Kogelberg

©Wikimedia Commons/A3alb
Kogelberg Biosphere Reserve

Kogelberg Biosphere Reserve is the first South African biosphere reserve, and is situated in the Western Cape Province about 40 km from Cape Town. It covers 103,629 hectares, more than 80% of which consists of mountainous landscape ranging from high mountain peaks and deep valleys to gentle hills and lower mountain slopes. The remaining area comprises a gently rolling coastal plain and a marine area, which covers about 24,500 hectares. The coastline is mostly rocky with sandy beaches and estuaries.

The main economic activities in the area are apple farming and commercial pine plantations. Tourism, specifically eco-tourism, has the potential to become a major economic activity with some 60,000 people visiting the area during the holiday season.

Designation date:
1998
Administrative authorities: Cape Nature Conservation
Surface area (terrestrial and marine): 103,629 ha
Core area(s): 31,629 ha (terrestrial: 30,000 ha; marine: 1,629 ha)
Buffer zone(s): 40,000 ha (terrestrial: 17,000 ha; marine: 23,000 ha)
Transition area(s): 32,000 ha

Location
Latitude:
34°04’S – 34°24’S
Longitude: 18°48’E – 19°12’E
Midpoint: 34°14’01”S – 18°59’59”E

Ecological Characteristics

©Wikimedia Commons/Andrew Massyn
Jackass penguins (Spheniscus demersus)

Over 80% of the Kogelberg Biosphere Reserve can be described as a mountainous landscape. It varies from rugged terrain mainly in the core area, with high mountain peaks and deep valleys, to gentle hills and lower mountain slopes. The marine environment forms part of the warm temperate south coast, and is subject to nutrient-upwelling events that support a highly productive and diverse marine community.

The area constitutes the floristic heart of the Cape floral kingdom – the smallest of the world’s floral kingdoms – and provides habitats for approximately 1,600 plant species of which an estimated 150 taxa are endemic to the area and characteristic of the Fynbos biome. Fynbos is the predominant vegetation type and includes both montane and coastal forms. Characteristic Cape flora include Proteaceae, Ericaceae, Restionaceae and Bruniaceae.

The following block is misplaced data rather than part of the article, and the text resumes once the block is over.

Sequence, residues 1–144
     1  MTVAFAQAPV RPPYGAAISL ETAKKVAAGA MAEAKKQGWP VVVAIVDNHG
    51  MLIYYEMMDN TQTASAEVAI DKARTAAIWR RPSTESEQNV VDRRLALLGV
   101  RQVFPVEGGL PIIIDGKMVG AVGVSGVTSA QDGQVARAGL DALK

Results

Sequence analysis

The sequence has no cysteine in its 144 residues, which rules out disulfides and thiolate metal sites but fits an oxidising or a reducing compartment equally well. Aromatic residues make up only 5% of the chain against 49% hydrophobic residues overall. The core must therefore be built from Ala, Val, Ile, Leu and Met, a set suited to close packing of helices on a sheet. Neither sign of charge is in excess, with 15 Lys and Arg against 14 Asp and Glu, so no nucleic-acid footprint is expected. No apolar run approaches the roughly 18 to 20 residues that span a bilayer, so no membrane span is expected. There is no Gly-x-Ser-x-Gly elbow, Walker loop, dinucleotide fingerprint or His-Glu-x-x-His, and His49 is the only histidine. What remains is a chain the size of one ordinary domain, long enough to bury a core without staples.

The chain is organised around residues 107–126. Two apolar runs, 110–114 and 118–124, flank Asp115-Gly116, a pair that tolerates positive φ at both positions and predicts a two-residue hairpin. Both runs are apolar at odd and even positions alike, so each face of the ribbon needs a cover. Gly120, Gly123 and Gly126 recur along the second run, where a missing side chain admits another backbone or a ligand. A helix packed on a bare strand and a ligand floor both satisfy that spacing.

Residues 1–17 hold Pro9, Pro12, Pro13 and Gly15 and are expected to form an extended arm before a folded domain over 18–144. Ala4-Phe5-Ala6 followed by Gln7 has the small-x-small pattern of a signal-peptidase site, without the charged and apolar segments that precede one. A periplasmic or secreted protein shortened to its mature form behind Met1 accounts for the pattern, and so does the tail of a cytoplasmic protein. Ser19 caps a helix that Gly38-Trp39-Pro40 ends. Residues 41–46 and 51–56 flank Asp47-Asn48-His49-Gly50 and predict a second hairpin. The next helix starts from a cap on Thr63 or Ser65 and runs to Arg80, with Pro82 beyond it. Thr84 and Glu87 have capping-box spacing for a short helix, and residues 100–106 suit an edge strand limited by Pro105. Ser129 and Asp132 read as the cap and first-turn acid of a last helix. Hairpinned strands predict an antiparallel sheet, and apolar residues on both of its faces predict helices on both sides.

An area on the coast near Betty’s Bay provides a habitat for a small colony of Jackass Penguins (Spheniscus demersus). This species is listed in both the South African Red Data Book and the World Checklist of Threatened Birds. Other animals include the leopard (Panthera pardus), greater flamingo (Phoenicopterus ruber) and the endangered Cape platanna (Xenopus gilli).

Socio-Economic Characteristics

©Wikimedia Commons/Abu Shawka
Kogelberg Biosphere Reserve

The major towns within the Kogelberg Biosphere Reserve are Kleinmond and Grabouw. The population in the region varies considerably as many landowners are not permanent residents and occupy properties during weekends and holiday seasons.

The main economic activities in the area are apple farming and commercial pine plantations. Tourism, specifically eco-tourism, has the potential to become a major economic activity in the region with some 60,000 people visiting the area during the holiday season.


 

 

> Back to Biosphere Reserves in South Africa

Last updated in May 2016

Back to top